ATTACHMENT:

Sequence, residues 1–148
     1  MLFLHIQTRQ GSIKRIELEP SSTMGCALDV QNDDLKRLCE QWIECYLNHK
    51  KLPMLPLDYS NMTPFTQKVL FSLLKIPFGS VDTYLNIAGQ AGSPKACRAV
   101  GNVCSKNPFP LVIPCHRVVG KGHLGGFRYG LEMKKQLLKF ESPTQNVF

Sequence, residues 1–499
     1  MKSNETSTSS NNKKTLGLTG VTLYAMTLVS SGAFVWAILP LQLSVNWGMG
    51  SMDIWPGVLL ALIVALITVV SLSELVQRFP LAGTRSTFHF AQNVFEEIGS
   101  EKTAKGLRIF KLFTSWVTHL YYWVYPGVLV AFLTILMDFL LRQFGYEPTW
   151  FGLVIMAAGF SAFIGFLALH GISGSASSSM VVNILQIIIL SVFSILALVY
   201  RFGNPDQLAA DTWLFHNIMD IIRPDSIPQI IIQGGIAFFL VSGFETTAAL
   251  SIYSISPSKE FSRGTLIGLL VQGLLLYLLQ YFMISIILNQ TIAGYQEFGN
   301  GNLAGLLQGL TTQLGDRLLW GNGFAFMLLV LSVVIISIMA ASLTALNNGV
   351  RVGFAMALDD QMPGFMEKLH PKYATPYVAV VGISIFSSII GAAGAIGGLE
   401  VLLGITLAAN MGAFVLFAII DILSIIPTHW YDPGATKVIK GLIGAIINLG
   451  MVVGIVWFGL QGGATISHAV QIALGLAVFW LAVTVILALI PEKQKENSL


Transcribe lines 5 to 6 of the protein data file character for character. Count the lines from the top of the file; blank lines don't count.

Sequence, residues 1–499
     1  MKSNETSTSS NNKKTLGLTG VTLYAMTLVS SGAFVWAILP LQLSVNWGMG